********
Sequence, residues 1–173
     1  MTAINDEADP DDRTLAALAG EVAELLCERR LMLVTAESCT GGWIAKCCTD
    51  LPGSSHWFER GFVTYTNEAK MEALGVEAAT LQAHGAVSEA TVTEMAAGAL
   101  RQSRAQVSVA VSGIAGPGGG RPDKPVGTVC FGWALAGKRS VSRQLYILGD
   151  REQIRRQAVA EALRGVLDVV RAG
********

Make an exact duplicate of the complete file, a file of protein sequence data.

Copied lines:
Sequence, residues 1–173
     1  MTAINDEADP DDRTLAALAG EVAELLCERR LMLVTAESCT GGWIAKCCTD
    51  LPGSSHWFER GFVTYTNEAK MEALGVEAAT LQAHGAVSEA TVTEMAAGAL
   101  RQSRAQVSVA VSGIAGPGGG RPDKPVGTVC FGWALAGKRS VSRQLYILGD
   151  REQIRRQAVA EALRGVLDVV RAG